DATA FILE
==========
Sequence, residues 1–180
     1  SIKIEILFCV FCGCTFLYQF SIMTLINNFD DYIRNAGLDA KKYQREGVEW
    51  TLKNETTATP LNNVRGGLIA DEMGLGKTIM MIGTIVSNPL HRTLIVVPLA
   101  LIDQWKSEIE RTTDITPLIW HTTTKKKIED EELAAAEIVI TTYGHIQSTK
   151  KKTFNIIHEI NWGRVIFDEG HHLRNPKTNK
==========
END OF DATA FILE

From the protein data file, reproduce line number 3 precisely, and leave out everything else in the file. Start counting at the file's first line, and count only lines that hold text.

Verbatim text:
    51  TLKNETTATP LNNVRGGLIA DEMGLGKTIM MIGTIVSNPL HRTLIVVPLA